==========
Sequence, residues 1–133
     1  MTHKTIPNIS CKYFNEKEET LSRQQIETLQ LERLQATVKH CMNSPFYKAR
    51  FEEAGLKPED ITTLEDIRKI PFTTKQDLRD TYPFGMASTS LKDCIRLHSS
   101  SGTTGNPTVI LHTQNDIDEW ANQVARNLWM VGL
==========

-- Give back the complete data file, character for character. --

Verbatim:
Sequence, residues 1–133
     1  MTHKTIPNIS CKYFNEKEET LSRQQIETLQ LERLQATVKH CMNSPFYKAR
    51  FEEAGLKPED ITTLEDIRKI PFTTKQDLRD TYPFGMASTS LKDCIRLHSS
   101  SGTTGNPTVI LHTQNDIDEW ANQVARNLWM VGL